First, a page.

The Coronavirus is putting a damper on global commerce. No one knows for sure how long it will last. What has changed the most is how people are handling the situation. There is nothing new about annual waves of virus’ hitting North America from Asia, but this one is a little different. If you are exposed to it, you will likely get it. As such, people are finally taking actual precautions. They are staying home. That is putting a damper on transportation. The price of oil fell under $50 per barrel. Airlines are having a hard time keeping their airplanes full of travelers. Cruise ships are selling rooms cheap. There is a manufacturing component as well. China, the giant exporter, is losing business. I wonder how much manufacturing they will lose and I’m hope the USA will benefit from some companies reshoring after this episode. In the USA, steel mills are booking well as imports remain weak. Gasoline prices have come down recently. Automobile sales looked good in February, but mainly due to heavy discounting.


+ The ISM Non-Manufacturing Index rose to a reading of 57.3 in February, driven up by increased business activity, new orders, and employment.

– Factory orders fell .5% in January, pulled down by declining orders for durable goods and non-durable goods.

+ Gas prices are coming down. The Coronavirus has caused millions of people around the world to stay home. People are not driving as much, or flying as much, and demand for fuel has dropped. Oil futures are down to $47 per barrel. Refineries are operating at 86.9% of capacity.

+ Freight rates seem to be leveling.

– Some striking data regarding internet usage and the pollution it creates. Who would have thought surfing the web was this bad? Like electric cars, people tend to think plug in appliances are “clean” but the electricity largely comes from sources that are burning nonrenewable fossil fuels.

  • A one-megabyte email (= 1 MB) during its total life cycle emits 20 g of CO2 , i.e. the equivalent of an old 60 W lamp lit for 25 min.
  • 20 emails a day per user over one year, create the same CO2 emissions as a car travelling 1000 km.
  • single router consumes 10,000 watts (10 kW). A very large data center comes close to 100 million watts (100 MW), or one-tenth of the output of a thermal power station. In fact, on top of the consumption required to run the servers, the electronic circuits must be cooled using air conditioning.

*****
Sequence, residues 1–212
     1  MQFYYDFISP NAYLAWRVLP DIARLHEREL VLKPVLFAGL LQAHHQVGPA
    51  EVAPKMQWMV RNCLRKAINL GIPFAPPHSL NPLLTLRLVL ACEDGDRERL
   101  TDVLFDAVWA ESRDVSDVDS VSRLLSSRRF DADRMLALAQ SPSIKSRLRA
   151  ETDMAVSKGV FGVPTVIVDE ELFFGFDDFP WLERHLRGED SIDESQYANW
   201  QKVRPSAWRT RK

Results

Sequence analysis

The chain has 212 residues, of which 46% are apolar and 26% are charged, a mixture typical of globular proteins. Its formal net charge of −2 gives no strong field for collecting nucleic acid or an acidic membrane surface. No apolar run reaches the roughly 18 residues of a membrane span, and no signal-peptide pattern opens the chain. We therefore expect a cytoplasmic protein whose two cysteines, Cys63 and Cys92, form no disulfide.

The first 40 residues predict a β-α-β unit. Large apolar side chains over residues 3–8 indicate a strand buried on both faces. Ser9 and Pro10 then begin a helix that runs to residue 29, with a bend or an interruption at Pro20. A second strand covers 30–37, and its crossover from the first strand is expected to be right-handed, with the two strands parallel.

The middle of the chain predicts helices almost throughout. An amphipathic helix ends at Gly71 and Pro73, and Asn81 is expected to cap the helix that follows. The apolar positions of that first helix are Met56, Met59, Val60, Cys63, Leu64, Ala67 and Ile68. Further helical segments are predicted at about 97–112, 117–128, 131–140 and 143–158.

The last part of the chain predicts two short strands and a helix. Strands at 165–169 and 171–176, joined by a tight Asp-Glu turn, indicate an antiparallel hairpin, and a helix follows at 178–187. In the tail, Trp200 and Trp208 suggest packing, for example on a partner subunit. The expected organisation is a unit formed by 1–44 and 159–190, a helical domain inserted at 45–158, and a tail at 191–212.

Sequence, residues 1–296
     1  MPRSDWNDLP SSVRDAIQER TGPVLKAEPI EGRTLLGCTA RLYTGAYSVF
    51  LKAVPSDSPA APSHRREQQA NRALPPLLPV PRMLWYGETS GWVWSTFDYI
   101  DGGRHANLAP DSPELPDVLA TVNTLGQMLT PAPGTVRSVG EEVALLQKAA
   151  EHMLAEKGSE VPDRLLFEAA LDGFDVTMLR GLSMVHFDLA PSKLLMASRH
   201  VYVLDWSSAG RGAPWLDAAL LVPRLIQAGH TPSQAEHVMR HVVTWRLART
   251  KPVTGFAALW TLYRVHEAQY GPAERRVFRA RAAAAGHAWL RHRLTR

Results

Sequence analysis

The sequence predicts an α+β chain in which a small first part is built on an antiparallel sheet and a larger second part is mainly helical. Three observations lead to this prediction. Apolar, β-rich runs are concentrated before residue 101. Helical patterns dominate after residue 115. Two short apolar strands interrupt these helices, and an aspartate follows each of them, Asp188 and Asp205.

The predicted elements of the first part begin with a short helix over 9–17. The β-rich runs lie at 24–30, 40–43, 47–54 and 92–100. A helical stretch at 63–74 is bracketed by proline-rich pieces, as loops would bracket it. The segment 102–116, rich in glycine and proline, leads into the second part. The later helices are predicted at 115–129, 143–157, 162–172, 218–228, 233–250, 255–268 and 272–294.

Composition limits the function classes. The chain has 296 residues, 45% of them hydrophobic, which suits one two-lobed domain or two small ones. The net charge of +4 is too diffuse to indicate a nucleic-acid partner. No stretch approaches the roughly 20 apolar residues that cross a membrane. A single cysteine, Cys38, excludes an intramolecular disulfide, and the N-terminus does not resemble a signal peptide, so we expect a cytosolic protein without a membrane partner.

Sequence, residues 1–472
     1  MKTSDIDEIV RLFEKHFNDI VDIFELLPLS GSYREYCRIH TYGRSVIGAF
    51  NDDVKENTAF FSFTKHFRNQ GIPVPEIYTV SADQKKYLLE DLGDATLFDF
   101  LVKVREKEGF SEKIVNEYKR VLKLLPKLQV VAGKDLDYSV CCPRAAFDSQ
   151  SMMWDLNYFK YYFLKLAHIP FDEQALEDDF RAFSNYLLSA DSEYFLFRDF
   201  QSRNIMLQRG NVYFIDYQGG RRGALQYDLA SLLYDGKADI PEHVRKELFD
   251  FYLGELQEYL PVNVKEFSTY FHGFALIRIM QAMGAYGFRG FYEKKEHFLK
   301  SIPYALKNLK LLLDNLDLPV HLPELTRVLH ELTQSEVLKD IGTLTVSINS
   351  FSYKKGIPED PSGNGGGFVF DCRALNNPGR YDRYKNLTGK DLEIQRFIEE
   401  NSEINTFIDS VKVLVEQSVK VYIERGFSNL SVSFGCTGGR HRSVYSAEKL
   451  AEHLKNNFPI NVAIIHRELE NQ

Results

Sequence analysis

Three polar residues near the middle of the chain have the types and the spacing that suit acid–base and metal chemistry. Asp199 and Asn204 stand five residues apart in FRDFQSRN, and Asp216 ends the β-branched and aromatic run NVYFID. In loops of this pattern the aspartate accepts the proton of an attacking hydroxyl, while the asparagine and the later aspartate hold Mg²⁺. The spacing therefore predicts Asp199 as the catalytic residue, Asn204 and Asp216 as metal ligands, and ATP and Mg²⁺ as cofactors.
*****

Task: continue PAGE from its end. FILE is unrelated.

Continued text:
• The search for a web address represents 3.4 Wh (0.8 g CO2 equivalent). But the total rises to 10 g after an internet search producing five results. If a web user makes an average of 2.6 web searches per day, this user can be extrapolated to be emitting 9.9 kg of CO2 equivalent per year.
  • When browsing the web, an average internet user yearly needs about 365 kWh electricity and 2,900 liters of water, which corresponds to the CO2 that is emitted when you travel a good 1,400 km by car.

– The pathogen that emerged in central China last December has spread with remarkable speed to six continents. Scientists are still trying to unlock the secrets of the coronavirus, known officially as SARS-CoV-2, but we know this much: It’s highly contagious and mobile, hitching rides on Asia-bound cruise ships, followers of an obscure South Korean religious sect, and skiers in the French Alps. This disease outbreak has the potential to be more than a health menace: SARS-CoV-2 is a virus of the mind, expressing itself differently in the behaviors of economic actors—be they tourists, chief executive officers, or heads of state—as they weigh their risk exposure. It’s disrupting our work lives, vaporizing $6 trillion in global stock market wealth, and setting off negative economic feedback loops that have raised credible fears of a serious global downturn. With its long, symptom-free incubation period, the virus, a strain of the coronavirus family of pathogens, seems perfectly designed for concealment and longevity, and experts don’t see an effective vaccine ready until 2021. So it’s a safe assumption that the world is going to have to coexist with this virus for the next year or so, and it could be a wild ride. It was worrisome enough when the epidemic first emerged in China, yet the news barely registered with most major markets, even as President Xi Jinping’s government launched the biggest large-scale quarantine of the modern era, cordoning off much of the central Chinese province of Hubei, of which Wuhan is the capital, and effectively blockading more than 50 million people. Coronavirus cases started to emerge and soar in Italy, Iran, Japan, and South Korea, eventually flaring up in more than 50 countries and territories worldwide. Infections in South Korea jumped from 51 to more than 2,000 in less than two weeks. Japan has closed its entire national school system, with around 13 million students, for about a month. Saudi Arabia took the rare step of suspending religious pilgrimage trips to the kingdom and limiting entry by tourists to help prevent the spread of the virus. The virus is proving an expensive house guest as it hits corporate revenue, profit margins, and balance sheets. The three major components of global gross domestic product—consumption, trade, and investment—are taking a hit to some degree from the spread of the virus. Now the world economy is on track for its weakest year since the financial crisis as the new coronavirus takes its toll, according to analysts at Bank of America Corp. Global growth will slip to 2.8%, from a previous estimate of 3.1%, and the Chinese economy will advance at 5.2%, which would be the worst performance since 1990. The coronavirus wealth destroyer is also on a rampage just when fiscal balances are stretched in the U.S., Japan, and much of Europe. Major central banks, with the exception of the U.S. Federal Reserve, don’t have a lot of monetary bullets left in the chamber in a world of negative interest rates. Another worry, potentially a big one, is that the global credit machine is showing signs of distress. The $2.6 trillion international bond market, where the world’s biggest companies raise money to fund everything from acquisitions to factory upgrades, has been in a deep freeze as borrowers have pulled or delayed their planned debt sales.  Get ready for a year of living dangerously.